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Abstract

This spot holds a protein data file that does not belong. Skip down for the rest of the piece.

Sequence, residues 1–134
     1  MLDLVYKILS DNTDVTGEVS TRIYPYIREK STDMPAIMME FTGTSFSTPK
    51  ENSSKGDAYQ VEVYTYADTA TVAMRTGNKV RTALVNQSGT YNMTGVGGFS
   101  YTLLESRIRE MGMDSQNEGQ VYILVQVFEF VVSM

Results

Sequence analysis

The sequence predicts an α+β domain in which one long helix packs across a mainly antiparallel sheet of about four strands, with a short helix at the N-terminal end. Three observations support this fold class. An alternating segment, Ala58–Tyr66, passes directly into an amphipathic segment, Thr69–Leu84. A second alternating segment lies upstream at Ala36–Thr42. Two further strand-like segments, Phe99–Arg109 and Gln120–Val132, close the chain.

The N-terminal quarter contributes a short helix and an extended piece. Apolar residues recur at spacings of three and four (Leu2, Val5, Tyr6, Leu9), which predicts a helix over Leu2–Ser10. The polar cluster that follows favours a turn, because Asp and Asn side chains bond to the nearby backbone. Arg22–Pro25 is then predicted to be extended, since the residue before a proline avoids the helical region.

This Article will examine, from a legal perspective, Dylan's ideas on social policy and change. It begins with an in-depth look at the treatment of African Americans before, during, and after the Civil War by looking at relevant legal statutes and Supreme Court Cases. This Article then looks to the second cycle of revolution to gain Dylan's attention, the struggle of the worker and immigrant during the twentieth century. This article concludes by examining current domestic issues in the third cycle of revolution-- specifically, how corporations exert significant domination over the political process.

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